Thailand has a vibrant medical system, particularly for an upper-middle income nation. But that strength does not extend to mental health services. A string of mass shootings committed by security personnel in recent years has highlighted concerns about the psychological fitness of members of the military and the police, who must hew to strict hierarchies and endure low pay.
Panya Kamrab, 34, who was identified by the Royal Thai Police as the gunman in the mass shooting at the day care center in northeastern Thailand on Thursday, was an officer in the force until he was dismissed in June for drug possession.
A mere 2.3 percent of Thailand’s health expenditures are allocated for mental health, according to the World Health Organization. Thailand, with a population of about 70 million, had only 656 psychiatrists and 422 psychologists in the entire country, according to the W.H.O.’s Mental Health Atlas 2020. The Royal Thai Police alone has roughly 220,000 officers.
Mr. Panya was set to go on trial on Friday, and the 9-millimeter pistol used in the attack was legally owned, the police said.
“He abused drugs and was very stressed and upset about his career, his position, his status,” said Kritsanapong Phutrakul, the chair of the faculty of criminology and justice administration at Rangsit University and a police lieutenant colonel. “To reduce the risk to Thai society, his gun should have been taken away from him when he was fired.”
Military-style hierarchies are imposed on many facets of Thai society, from schools to offices. The chains of command can leave lower rank-and-file people with little recourse if they disagree with superiors’ orders.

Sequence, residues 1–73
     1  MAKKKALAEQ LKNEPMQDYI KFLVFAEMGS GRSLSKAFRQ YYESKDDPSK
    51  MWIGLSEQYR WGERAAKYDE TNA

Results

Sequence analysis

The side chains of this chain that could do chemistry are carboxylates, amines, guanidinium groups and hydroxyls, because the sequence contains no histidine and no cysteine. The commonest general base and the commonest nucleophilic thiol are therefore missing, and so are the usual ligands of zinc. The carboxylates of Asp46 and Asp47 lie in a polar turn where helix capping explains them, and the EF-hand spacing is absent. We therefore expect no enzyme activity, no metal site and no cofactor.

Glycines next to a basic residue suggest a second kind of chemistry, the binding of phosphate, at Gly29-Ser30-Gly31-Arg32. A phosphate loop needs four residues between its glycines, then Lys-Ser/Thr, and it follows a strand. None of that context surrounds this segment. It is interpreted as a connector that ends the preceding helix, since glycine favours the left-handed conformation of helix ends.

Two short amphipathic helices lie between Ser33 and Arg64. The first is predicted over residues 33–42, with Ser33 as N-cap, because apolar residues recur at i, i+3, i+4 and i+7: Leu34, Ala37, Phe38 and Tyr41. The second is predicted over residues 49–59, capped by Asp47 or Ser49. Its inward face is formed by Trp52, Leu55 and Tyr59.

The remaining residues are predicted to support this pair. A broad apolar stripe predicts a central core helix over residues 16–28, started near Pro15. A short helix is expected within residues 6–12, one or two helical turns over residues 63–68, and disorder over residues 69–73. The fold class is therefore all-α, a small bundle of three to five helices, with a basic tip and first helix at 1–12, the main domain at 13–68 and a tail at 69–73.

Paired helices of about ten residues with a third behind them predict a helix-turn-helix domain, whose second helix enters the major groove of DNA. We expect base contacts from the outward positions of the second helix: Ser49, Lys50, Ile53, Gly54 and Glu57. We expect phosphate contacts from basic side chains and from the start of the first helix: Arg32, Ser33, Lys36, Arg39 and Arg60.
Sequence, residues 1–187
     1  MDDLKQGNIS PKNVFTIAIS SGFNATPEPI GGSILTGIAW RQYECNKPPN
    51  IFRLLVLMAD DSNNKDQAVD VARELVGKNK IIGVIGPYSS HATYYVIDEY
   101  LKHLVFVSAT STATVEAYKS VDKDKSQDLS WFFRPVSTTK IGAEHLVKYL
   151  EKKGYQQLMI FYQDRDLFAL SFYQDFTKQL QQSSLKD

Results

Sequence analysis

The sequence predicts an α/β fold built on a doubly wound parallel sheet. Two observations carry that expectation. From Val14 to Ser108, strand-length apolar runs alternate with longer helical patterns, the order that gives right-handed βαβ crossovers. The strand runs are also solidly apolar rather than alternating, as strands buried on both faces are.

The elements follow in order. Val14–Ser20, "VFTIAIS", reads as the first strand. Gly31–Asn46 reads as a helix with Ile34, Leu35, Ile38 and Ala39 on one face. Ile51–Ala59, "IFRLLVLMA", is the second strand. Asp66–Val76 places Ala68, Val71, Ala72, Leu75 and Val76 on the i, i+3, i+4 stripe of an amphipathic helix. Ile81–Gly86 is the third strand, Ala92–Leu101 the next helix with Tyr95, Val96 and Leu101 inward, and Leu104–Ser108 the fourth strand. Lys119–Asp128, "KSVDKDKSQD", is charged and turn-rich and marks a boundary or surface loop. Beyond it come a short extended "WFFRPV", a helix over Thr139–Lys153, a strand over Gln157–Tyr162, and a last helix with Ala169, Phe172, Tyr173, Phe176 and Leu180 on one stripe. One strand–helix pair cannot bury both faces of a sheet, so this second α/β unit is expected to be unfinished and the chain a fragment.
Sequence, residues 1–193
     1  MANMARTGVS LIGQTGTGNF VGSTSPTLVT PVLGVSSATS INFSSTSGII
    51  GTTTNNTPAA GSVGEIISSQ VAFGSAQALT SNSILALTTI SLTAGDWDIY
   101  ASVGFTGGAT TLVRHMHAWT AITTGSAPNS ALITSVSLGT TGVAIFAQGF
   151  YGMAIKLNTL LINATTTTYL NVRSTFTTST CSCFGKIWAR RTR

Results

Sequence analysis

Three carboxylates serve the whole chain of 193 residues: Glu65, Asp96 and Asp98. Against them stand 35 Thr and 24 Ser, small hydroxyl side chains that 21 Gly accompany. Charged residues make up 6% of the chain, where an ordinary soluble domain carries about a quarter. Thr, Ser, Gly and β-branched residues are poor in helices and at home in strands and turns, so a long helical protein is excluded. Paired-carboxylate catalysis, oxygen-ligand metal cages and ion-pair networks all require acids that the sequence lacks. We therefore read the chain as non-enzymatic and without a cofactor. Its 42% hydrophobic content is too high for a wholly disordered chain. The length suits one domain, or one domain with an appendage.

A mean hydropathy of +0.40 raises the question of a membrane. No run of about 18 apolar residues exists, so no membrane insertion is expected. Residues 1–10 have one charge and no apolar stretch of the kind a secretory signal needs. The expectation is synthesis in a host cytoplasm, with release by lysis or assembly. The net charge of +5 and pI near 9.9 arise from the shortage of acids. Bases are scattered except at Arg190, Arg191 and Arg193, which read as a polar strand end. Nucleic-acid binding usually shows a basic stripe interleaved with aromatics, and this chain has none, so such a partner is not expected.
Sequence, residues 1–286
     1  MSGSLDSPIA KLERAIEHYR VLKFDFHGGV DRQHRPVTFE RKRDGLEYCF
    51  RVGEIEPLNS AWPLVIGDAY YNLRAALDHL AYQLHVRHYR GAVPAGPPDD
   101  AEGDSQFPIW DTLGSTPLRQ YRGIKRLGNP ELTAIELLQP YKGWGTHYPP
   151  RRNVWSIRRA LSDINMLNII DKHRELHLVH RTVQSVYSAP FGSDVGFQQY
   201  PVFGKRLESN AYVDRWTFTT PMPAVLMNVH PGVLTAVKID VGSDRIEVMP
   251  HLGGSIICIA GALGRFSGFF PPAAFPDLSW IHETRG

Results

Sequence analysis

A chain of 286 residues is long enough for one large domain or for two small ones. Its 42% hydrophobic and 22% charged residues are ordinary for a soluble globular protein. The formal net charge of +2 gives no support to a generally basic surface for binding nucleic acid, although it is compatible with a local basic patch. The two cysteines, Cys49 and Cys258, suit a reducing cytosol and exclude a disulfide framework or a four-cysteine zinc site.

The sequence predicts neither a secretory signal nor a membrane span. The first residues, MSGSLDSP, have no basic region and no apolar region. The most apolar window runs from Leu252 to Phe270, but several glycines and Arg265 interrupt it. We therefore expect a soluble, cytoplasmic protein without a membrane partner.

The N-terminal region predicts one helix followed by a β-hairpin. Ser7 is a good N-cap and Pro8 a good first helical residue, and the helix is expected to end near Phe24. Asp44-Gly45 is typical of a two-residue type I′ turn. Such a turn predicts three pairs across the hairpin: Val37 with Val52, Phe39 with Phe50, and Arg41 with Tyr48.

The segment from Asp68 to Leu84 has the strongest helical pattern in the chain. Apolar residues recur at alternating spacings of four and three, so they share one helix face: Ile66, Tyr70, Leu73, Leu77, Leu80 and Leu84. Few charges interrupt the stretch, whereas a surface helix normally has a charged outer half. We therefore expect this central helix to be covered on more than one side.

Outside the security forces themselves, the military’s influence is profound. Prayuth Chan-ocha, the prime minister of Thailand, is a former army chief who took power in a coup. His deputy is also a former army chief.
And the nation is trained to pay obeisance to the Thai royal family. Courtiers crawl along the floor in a submissive pose in front of senior royals. A notoriously tough lèse-majesté law makes it a crime to defame senior members of the monarchy, and a long list of people have been jailed for such offenses.
Dissatisfaction with institutional strictures prompted students to protest in recent years, at first demanding an easing of rules on hairstyles and dress. The rallies expanded to encompass calls for reforms to the government and the monarchy.
The perils of such a rigid society may have helped catalyze what, until Thursday, had been the deadliest mass shooting by a single perpetrator in Thai history. Two years ago, Sgt. Major Jakrapanth Thomma went on a killing spree at a shopping mall and army base, killing 29 people and wounding 58 others. He was angered by a financial dispute with the family of his superior officer, according to the country’s then army chief. Members of that family refused to pay him money he was owed, he told friends. He had run out of options, he told them.
The soldier was shot dead by the authorities, ending the attack. But questions lingered about why he had targeted civilians at a shopping mall after killing people on a military base.
Last month, a police lieutenant general opened fire in a military school in Bangkok, killing two people.
“From a security risk perspective, we have to better check the mental health of people who own guns,” said Lieutenant Colonel Kritsanapong.